本文考察了1925年至1933年間出版的《上海畫報》 （Pictorial Shanghai）中的中國新文化與社會的誘人圖像。此畫刊為每三日出版，刊登名人時事和社會新聞軼事的攝影插圖，為其讀者家庭帶來了最新的資訊、時尚與有關藝術、劇場、文學、音樂、教育、體育、出版、攝影的信息，也間或涉及政治題材。報刊的許多編輯、設計師、攝影師、漫畫家與專欄作家們，皆與上海美專有密切的關聯，多是教授或校友。《上海畫報》版面上所展現的新文化世界，不僅反映了編輯人員的社群關係與生活經歷，還反映了他們對都市瞬息萬變的視覺形象和情緒走向的藝術敏感以及高度個人化的想像創造。
This paper examines the seductive images of China's new culture and society that emerge from the pages of the tabloid periodical Shanghai huabao (Pictorial Shanghai) from 1925 to 1933. The newspaper, published every three days, printed a photographically illustrated mix of celebrity and society news and gossip, bringing the latest information, fashions, and rumors about art, theater, literature, music, education, athletics, publishing, photography, and, occasionally, politics, into the homes of its readers. Many of the newspaper's editors, designers, photographers, cartoonists, and columnists were closely associated with the Shanghai Art Academy, either as professors or as alumni. The new cultural world created on the pages of Shanghai huabao reflected not only the social connections and life experiences of its editorial staff, but also the artistic sensitivity and highly personal imaginative creations of the city's constantly changing visual imagery and emotional tenor.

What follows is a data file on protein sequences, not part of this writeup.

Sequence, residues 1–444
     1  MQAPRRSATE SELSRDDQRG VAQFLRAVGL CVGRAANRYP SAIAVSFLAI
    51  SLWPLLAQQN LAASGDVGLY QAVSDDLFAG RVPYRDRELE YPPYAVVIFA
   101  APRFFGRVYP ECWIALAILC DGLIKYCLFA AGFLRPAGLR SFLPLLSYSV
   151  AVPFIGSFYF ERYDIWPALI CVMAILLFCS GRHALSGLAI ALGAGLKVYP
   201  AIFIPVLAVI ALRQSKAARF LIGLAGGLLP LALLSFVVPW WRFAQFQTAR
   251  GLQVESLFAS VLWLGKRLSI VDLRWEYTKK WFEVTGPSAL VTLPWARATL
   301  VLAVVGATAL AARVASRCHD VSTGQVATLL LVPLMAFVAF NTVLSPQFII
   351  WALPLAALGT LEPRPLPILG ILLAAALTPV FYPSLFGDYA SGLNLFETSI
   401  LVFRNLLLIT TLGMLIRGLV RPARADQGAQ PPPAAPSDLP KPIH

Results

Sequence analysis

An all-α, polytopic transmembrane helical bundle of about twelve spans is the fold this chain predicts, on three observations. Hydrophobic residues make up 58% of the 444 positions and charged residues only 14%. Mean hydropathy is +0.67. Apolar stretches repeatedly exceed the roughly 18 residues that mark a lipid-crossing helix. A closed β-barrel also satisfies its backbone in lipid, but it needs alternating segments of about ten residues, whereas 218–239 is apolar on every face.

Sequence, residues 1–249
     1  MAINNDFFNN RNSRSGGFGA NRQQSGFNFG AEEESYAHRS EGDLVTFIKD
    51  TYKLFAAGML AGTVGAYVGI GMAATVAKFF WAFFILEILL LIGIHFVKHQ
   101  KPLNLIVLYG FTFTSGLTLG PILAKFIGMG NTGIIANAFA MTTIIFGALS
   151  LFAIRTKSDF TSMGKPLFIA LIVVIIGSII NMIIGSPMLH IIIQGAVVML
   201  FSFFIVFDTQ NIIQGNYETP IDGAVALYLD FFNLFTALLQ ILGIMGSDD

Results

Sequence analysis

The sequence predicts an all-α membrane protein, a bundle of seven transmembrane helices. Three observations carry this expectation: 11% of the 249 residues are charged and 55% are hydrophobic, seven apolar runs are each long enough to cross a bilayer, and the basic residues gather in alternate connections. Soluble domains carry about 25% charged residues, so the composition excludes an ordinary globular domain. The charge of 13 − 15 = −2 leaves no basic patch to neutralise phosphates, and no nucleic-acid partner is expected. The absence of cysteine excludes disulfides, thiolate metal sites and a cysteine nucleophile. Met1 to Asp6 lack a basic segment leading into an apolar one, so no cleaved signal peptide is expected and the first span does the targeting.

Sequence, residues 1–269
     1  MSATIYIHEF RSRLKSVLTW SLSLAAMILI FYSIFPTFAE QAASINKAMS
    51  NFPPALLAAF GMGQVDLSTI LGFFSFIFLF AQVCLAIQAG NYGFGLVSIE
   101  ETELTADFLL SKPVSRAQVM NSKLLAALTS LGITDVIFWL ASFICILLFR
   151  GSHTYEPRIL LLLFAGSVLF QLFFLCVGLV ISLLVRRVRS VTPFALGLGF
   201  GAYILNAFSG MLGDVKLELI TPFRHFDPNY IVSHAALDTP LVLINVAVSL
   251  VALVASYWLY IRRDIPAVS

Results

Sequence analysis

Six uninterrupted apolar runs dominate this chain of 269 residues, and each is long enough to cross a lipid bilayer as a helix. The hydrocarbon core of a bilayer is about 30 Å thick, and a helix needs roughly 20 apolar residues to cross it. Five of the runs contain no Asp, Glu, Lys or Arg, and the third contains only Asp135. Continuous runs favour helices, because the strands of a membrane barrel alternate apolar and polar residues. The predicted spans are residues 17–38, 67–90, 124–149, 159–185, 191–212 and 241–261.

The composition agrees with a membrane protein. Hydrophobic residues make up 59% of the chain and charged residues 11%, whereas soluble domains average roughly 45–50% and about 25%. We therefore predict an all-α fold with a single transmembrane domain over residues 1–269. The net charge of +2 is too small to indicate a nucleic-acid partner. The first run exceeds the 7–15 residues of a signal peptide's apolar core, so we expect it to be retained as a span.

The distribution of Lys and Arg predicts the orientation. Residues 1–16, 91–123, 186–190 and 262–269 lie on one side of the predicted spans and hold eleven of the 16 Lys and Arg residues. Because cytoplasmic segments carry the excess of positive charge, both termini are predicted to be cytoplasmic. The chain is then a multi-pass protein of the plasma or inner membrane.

Closely connected to Shanghai Art Academy, Shanghai huabao, by featuring in words and images the exhibitions, performances, and personal lives of both China's artistic elite and its aspiring youth, created a complex and richly textured lifestyle into which its readers were lured. The appearance on its pages of photographs, gossip, publicity and reviews offers vivid material for better understanding artists, both male and female, of the formative decade of the 1920s. Over time the publication created a vision of a new Chinese modernity, demarcating those areas of traditional social and artistic practice that might suitably merge with elements from an imported lifestyle. Shanghai huabao offers vivid insight into the cultural psychology of the late 1920s, when writers might be both classically-educated and European-trained, and simultaneously speak in a tone of Neo-Daoist escapism and European ennui. Yet, this paper will finally argue that Shanghai huabao, despite the seeming randomness of the articles and images it juxtaposed, served effectively to create and to document the new tastes of a cosmopolitan Chinese culture, a culture that has left its traces in that of Shanghai's cultural world today.